We would like to know if there is a single word to describe fear of change.

Bob did not like change, he was a _____.


3 Answers 3


I see neophobe has been suggested at least a couple of times, but I personally find this term a little clinical. There are many ways to describe someone resistant to change, depending on the cause for resistance.

In the negative sense, a fuddy-duddy, fogy, or mossback is someone, perhaps an older someone, with a dislike for recent developments in fashion, technology, or culture (and by implication is somewhat unfashionable, luddite, or philistine); they are set in their ways.

More positive, or at least neutral, words for those with a preference for the old ways include traditionalist or classicist; they might gently be dismissed as members of the old guard or old school who repeat the old line. Resistance to change that derives from moderation and caution makes someone conservative, reticent, or leery.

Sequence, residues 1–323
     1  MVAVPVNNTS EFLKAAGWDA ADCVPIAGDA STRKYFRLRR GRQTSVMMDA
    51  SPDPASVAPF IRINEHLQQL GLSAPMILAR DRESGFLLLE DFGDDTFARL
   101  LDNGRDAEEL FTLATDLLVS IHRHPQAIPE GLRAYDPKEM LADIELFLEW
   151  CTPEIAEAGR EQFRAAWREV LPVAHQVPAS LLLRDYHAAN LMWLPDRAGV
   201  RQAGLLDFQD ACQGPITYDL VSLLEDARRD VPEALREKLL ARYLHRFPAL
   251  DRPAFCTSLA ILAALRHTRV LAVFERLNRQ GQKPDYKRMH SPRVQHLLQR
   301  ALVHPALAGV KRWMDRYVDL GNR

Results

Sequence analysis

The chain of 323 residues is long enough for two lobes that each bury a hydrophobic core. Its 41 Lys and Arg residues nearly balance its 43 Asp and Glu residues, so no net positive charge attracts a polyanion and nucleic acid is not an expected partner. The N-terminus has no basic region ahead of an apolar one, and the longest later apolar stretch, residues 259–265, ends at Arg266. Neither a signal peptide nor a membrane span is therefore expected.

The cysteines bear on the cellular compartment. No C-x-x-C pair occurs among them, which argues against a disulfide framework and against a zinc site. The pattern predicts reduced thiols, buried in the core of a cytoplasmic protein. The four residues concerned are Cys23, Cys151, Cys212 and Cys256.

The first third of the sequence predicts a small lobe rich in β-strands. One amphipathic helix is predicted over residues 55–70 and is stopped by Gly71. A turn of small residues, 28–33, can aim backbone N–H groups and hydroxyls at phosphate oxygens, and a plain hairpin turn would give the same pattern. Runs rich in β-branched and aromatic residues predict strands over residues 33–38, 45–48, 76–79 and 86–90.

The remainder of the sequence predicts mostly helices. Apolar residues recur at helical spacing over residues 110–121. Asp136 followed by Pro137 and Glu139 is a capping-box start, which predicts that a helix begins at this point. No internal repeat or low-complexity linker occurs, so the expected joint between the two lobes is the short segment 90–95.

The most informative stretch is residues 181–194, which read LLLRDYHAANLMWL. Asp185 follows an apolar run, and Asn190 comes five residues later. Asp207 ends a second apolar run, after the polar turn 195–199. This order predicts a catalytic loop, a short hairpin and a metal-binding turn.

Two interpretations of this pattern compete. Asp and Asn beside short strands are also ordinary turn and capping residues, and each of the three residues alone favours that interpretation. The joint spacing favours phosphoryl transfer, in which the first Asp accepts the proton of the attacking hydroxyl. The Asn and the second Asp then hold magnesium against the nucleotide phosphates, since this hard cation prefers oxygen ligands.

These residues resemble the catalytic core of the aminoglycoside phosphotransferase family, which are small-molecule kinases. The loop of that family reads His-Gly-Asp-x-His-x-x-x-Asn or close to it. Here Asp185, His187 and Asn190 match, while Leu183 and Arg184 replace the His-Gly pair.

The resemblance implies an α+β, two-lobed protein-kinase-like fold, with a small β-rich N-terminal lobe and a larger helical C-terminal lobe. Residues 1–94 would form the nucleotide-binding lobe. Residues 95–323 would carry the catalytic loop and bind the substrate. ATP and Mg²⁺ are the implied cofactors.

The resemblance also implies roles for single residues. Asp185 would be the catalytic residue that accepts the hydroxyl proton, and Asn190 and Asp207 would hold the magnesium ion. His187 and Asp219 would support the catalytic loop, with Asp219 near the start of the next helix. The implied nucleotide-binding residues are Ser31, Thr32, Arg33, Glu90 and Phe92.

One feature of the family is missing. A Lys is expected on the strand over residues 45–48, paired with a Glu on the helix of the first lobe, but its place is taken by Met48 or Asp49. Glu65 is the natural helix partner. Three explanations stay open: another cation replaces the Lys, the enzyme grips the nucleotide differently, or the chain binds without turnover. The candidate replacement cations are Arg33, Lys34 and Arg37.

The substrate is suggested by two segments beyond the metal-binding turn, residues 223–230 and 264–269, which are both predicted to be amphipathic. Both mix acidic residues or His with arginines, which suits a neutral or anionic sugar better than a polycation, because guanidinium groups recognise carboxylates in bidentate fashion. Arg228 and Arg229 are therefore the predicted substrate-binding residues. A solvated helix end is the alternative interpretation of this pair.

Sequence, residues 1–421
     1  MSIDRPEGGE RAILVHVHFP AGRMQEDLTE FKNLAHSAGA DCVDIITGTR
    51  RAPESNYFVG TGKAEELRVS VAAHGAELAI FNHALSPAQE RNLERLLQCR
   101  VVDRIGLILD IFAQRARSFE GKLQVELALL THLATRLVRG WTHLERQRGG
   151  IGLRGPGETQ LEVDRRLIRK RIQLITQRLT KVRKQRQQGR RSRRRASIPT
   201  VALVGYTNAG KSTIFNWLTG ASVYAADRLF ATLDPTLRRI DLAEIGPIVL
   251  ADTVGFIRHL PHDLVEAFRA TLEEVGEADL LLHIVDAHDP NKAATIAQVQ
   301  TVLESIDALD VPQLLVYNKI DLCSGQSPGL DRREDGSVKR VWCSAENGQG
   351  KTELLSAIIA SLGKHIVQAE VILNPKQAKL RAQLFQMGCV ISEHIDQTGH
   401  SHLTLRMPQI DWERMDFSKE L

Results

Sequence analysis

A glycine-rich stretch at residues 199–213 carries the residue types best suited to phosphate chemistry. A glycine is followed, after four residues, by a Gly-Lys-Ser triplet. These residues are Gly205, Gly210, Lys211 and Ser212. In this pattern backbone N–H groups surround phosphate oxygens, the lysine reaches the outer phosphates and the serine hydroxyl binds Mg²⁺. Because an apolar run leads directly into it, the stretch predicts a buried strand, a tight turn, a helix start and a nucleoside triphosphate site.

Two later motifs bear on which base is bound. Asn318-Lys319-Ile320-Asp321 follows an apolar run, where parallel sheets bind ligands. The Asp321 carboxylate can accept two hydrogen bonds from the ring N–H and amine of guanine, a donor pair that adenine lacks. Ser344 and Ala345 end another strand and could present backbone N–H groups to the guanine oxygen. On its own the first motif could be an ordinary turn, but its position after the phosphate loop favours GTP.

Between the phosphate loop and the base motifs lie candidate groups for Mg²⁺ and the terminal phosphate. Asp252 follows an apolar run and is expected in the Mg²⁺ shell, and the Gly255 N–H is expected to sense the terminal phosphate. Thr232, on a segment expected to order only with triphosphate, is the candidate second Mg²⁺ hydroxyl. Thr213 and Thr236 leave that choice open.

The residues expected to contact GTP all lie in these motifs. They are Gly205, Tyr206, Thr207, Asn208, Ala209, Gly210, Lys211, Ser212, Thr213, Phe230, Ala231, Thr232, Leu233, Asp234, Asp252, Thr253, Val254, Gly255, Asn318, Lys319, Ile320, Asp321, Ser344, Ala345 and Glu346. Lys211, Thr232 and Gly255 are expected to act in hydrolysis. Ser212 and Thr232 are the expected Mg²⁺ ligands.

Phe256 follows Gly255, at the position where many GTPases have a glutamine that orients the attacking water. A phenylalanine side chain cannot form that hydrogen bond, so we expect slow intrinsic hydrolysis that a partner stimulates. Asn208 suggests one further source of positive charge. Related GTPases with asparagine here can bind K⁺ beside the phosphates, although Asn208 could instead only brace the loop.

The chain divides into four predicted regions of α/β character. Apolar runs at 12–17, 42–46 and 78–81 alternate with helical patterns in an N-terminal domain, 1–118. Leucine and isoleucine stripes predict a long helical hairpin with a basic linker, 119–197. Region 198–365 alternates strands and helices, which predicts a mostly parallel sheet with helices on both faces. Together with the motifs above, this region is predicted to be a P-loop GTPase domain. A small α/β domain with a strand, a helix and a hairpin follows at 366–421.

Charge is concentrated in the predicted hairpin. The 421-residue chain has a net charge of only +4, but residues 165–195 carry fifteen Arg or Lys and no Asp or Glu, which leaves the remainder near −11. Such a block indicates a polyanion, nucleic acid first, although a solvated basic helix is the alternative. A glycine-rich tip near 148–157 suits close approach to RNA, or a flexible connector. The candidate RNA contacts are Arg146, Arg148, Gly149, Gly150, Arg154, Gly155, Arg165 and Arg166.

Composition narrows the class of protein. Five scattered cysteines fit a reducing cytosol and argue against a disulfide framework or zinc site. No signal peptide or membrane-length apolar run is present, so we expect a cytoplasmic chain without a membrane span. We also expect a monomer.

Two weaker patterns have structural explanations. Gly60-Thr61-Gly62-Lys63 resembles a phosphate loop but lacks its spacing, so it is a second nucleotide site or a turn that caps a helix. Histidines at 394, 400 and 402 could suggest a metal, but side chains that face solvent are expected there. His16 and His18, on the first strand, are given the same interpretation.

But if one clings to one idea and expresses intolerance for others, he becomes a die-hard or hidebound, and any synonyms for chauvinism, fearfulness, or intolerance may suffice. Those who not only resist change, but seek to reverse previous change, are reactionaries.

A square or stick-in-the-mud is resistant to anything unconventional; they have an establishment or bourgeois mentality. Fear of change due to small-mindedness is characteristic of insular, provincial, parochial, small-town, or pedestrian thinking.


I don’t know why this question has come up again after eight years, but:

A person who dislikes change is conservative and perhaps also “a Conservative”

I am not aware of any established word in the English language meaning “fear of change”, and people may fear change for a variety of reasons, justified as well as unjustified. Of course someone may invent a phobia word for this, but I fear it will not change my somewhat conservative attitude to this.


Luddite could work depending on the context.

  • 1
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    – fev
    Aug 10, 2022 at 16:44
  • This has already been suggested in another answer on this page.
    – livresque
    Aug 10, 2022 at 18:20

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